1905 – French bankers refused to lend money to Russia until after their war.

1905 – The British House of Commons cited a need to compete with Germany in naval strength.

1906 – The island of Ustica was devastated by an earthquake.

1912 – An anarchist named Antonio Dalba unsuccessfully attempted to kill Italy’s King Victor Emmanuel III in Rome.

1914 – Henry Ford announced the new continuous motion method to assemble cars. The process decreased the time to make a car from 12― hours to 93 minutes.

1915 – The British Navy sank the German battleship Dresden off the Chilean coast.

1918 – An all-Russian Congress of Soviets ratified a peace treaty with the Central Powers.

1923 – President Harding became the first U.S. President to file an income tax report.

1932 – George Eastman, the founder of the Kodak company, committed suicide.

1936 – Adolf Hitler told a crowd of 300,000 that Germany’s only judge is God and itself.

1939 – Hungary occupied the Carpatho-Ukraine. Slovakia declared its independence.

1943 – U.S. President Franklin D. Roosevelt became the first U.S. President to fly in an airplane while in office.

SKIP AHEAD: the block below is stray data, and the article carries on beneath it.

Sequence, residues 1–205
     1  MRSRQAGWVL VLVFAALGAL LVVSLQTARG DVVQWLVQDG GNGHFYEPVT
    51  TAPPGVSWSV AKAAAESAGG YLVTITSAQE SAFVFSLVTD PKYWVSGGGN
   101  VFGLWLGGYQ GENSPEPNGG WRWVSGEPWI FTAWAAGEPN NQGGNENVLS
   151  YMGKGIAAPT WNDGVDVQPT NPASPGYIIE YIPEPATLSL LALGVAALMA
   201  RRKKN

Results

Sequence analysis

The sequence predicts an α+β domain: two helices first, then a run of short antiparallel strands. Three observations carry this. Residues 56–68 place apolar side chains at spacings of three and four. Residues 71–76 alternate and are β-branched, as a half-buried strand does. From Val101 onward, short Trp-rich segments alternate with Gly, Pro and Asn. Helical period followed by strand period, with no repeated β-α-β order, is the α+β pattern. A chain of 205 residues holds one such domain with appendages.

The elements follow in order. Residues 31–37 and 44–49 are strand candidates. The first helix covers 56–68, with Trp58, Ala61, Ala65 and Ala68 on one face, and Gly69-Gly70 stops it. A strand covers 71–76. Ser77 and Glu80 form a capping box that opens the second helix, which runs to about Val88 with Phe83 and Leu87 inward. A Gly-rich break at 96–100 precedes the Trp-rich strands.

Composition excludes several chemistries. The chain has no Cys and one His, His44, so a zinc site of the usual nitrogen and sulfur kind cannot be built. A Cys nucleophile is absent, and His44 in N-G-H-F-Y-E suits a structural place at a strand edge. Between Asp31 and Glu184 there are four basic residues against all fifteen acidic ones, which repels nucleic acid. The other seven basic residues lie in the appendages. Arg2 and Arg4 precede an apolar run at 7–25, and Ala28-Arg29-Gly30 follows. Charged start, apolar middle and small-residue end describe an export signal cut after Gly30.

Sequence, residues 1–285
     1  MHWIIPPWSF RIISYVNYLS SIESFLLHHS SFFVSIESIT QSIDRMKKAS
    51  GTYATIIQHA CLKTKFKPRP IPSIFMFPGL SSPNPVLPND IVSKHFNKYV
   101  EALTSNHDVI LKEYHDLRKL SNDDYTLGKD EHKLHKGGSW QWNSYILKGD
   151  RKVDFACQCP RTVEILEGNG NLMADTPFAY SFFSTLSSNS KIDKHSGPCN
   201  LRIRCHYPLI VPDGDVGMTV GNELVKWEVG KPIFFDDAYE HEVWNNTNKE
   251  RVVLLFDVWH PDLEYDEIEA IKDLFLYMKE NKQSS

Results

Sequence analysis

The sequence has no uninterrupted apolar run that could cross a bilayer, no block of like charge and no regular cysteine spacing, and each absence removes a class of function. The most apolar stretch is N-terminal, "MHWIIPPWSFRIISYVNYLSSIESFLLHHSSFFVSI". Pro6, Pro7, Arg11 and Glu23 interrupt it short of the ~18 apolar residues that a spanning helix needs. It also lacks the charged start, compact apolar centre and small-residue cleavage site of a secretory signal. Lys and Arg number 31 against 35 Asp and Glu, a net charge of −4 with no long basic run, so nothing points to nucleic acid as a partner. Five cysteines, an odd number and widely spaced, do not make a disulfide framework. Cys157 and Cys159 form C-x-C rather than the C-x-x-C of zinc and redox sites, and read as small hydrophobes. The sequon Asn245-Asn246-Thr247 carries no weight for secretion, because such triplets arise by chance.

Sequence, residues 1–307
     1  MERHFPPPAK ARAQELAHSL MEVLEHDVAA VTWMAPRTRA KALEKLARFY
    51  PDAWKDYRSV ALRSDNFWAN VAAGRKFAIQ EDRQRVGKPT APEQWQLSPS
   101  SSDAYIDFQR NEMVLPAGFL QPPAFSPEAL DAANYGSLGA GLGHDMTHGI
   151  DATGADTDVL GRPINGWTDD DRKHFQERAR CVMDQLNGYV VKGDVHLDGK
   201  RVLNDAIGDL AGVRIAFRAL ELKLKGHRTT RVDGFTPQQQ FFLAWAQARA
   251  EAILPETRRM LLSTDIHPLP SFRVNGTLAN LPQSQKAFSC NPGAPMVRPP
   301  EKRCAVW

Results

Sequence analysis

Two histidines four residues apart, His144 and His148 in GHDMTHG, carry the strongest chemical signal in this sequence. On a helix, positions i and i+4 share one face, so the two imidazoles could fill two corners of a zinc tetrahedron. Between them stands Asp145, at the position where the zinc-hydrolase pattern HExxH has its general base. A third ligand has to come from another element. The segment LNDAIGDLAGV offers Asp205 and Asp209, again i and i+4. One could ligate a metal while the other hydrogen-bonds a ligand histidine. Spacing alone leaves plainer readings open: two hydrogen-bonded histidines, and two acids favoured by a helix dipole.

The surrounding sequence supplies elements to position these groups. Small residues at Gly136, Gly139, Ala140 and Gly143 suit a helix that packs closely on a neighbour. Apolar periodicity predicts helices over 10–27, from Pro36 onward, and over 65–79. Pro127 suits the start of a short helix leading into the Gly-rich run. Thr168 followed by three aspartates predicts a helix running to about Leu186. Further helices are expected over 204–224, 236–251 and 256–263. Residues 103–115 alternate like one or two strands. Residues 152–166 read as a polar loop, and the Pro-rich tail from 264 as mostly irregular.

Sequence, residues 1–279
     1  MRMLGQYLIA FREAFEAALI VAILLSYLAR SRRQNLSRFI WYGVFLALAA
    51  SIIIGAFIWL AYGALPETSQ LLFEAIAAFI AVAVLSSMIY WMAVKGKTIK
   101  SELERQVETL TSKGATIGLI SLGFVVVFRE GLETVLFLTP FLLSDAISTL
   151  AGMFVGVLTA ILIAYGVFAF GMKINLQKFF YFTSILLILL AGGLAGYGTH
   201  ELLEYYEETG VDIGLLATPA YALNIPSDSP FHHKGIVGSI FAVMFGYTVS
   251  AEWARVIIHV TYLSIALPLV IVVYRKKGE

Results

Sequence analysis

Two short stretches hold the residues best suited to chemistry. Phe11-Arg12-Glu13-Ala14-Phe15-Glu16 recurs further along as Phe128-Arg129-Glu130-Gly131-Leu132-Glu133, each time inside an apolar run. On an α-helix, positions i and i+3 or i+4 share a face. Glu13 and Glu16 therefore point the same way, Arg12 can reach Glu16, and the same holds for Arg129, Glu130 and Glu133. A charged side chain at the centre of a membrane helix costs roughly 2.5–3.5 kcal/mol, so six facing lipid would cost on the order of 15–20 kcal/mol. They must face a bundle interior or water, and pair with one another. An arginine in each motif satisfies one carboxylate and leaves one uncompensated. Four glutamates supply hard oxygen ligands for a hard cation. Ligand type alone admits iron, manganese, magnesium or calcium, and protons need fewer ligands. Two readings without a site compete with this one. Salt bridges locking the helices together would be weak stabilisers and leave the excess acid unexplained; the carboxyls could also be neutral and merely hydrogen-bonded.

1945 – In Germany, a 22,000 pound “Grand Slam” bomb was dropped by the Royal Air Force Dumbuster Squad on the Beilefeld railway viaduct. It was the heaviest bomb used during World War II.

1947 – The U.S. signed a 99-year lease on naval bases in the Philippines.

1947 – Moscow announced that 890,532 German POWs were held in the U.S.S.R.

1951 – U.N. forces recaptured Seoul for the second time during the Korean War.

1958 – The U.S. government suspended arms shipments to the Batista government of Cuba.

1964 – A Dallas jury found Jack Ruby guilty of the murder of Lee Harvey Oswald.

1967 – John F. Kennedy’s body was moved from a temporary grave to a permanent one.

1976 – Egypt formally abrogated the 1971 Treaty Friendship and Cooperation with the Soviet Union.

1978 – An Israeli force of 22,000 invaded south Lebanon. The PLO bases were hit.

1979 – The Census Bureau reported that 95% of all Americans were married or would get married.

1979 – Near Peking, China, at least 200 people died when a Trident aircraft crashed into a factory.

1980 – A Polish airliner crashed while making an emergency landing near Warsaw. 87 people were killed. A 14-man U.S. boxing team was aboard the plane.

1981 – Three Pakistani airline hijackers surrendered in Syria after they had exchanged 100 passengers and crewmen for 54 Pakistani prisoners.

1983 – OPEC agreed to cut its oil prices by 15% for the first time in its 23-year history.

1989 – Imported assault guns were banned in the U.S. under President George H.W. Bush.